Nathan Wolfson

Nathan Wolfson is a Digital Marketing Manager for AtlanticLIVE.
  • Track of the Day: 'Tom's Diner'

    Today’s the day in history—July 14, 1995—that the MP3 format was released to the public. Suzanne Vega’s a cappella song “Tom’s Diner,” off her 1987 album Solitude Standing, was the first song used to test the revolutionary format:

    (The most popular version of “Tom’s Diner” is a dance remix by a British group called DNA, which appeared with a handful of other covers on Tom’s Album in 1991.)

    The story goes: While German electrical engineer Karlheinz Brandenburg was working on a type of file compression that would make CD-quality recordings available as computer files, he heard “Tom’s Diner” playing down the hall from his office. He figured it would be nearly impossible to compress the song without detrimental effects to Vega’s “warm a capella voice” and decided to make it the test subject for his development of the “MPEG-1 Audio Layer 3,” a.k.a. the MP3.

    According to Vega, Brandenburg’s early attempts at reformatting the song produced “monstrous distortions, as though the Exorcist has somehow gotten into the system, shadowing every phrase.” In spite of these early failures, he used the song to fine tune his compression techniques, making sure the format was capable of picking up incredibly subtle vocal and instrumental effects. The end result of this experimentation is likely how you’re listening to Tom’s Diner right now. Its use in the process became a folk tale among engineers and Vega became known in audiophile circles as “The Mother of the MP3.”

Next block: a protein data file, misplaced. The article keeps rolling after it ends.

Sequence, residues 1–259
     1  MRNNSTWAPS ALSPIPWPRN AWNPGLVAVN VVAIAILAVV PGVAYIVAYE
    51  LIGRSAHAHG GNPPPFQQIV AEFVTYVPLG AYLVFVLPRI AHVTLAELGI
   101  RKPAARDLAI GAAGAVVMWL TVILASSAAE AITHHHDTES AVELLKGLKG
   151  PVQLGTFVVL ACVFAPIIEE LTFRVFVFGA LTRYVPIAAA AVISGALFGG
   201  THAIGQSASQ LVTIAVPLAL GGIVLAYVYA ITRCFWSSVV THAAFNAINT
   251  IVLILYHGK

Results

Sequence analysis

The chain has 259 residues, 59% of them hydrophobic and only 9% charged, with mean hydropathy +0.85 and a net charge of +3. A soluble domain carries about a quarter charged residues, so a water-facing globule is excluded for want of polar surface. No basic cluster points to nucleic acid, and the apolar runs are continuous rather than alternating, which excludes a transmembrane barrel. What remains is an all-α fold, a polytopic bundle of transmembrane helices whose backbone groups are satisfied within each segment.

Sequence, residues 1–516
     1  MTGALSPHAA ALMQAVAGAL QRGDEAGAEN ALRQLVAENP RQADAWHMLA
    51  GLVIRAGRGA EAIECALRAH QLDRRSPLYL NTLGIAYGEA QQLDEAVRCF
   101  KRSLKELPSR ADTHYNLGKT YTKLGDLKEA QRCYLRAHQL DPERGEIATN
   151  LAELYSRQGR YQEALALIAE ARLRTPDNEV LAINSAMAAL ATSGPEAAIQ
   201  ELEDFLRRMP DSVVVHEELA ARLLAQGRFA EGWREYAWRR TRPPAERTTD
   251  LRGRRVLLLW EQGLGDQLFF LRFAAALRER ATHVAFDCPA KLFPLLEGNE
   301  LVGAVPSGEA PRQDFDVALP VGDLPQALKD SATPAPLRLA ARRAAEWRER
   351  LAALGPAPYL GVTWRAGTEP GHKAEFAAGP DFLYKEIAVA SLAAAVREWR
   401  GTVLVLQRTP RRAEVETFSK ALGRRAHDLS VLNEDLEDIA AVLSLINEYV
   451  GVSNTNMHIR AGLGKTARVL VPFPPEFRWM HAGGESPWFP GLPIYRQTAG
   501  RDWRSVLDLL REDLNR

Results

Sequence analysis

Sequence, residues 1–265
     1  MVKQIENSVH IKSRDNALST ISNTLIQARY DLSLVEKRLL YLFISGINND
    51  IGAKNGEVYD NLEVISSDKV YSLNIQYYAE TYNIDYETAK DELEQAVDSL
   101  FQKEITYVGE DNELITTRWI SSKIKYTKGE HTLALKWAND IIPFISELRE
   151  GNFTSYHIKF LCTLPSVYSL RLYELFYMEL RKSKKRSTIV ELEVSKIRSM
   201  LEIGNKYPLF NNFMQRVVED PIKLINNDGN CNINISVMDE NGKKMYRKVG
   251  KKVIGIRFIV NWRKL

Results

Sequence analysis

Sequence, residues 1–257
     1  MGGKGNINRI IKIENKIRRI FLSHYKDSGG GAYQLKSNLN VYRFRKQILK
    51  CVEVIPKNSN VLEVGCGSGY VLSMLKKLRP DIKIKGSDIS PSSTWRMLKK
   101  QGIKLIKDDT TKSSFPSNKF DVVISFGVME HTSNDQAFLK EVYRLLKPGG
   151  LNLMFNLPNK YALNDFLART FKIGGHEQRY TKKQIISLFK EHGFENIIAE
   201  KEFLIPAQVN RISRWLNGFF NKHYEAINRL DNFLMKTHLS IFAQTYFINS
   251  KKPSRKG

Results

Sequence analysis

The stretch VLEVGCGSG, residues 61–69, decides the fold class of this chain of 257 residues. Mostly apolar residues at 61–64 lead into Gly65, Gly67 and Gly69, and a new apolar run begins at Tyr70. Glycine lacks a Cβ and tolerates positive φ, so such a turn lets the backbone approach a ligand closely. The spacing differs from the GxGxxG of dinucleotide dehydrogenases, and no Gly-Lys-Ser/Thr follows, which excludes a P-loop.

(Submit a song via hello@. Track of the Day archive here. Pre-Notes archive here.)

  • Track of the Day: 'Creep' by Prince

    Prince was notoriously wary of the Internet. He sued YouTube and eBay over unauthorized use of his content and—as people lamented on the day of his death—he pulled his catalogs from all streaming services except the Jay Z-led Tidal. This aversion to digitization of his performances led to an unusual spat with Radiohead’s Thom Yorke in 2008.

    That year, Prince played Coachella. He glided onstage, almost ephemeral in the evening light, and blew the audience away with a soaring rendition of “Creep,” imbuing the Radiohead song with the gravitas and sensuality only Prince could. The crunching guitars before the chorus are softened by synthesizers, and he builds to a roaring guitar solo and then into a delicate falsetto interlude before returning to the solo, reminding all in attendance why he is a musical icon. The lyrics played perfectly into Prince’s otherworldly persona, with the occasional pronoun flipped around for further personalization of the song’s intensely inward gaze. It was a transcendent experience to behold.

    But then, in standard fashion, Prince issued takedown notices to all YouTube videos of the performance. “Really? He’s blocked it?,” a confused Thom Yorke said. “Well, tell him to unblock it. It’s our... song.”

    Prince didn’t. And it wasn’t until 2015 that his version was made available online. Oddly, it was Prince himself who released the recording, via a tweet linking directly to the video. The video title includes a nod to this controversy, stating that the recording is “Uploaded via Permission from Radiohead & NPG Music Publishing.” Whatever his reasoning for the change in heart, music fans everywhere are better off for it.

    (Track of the Day archive here. Access it through Spotify here. Submit via hello@)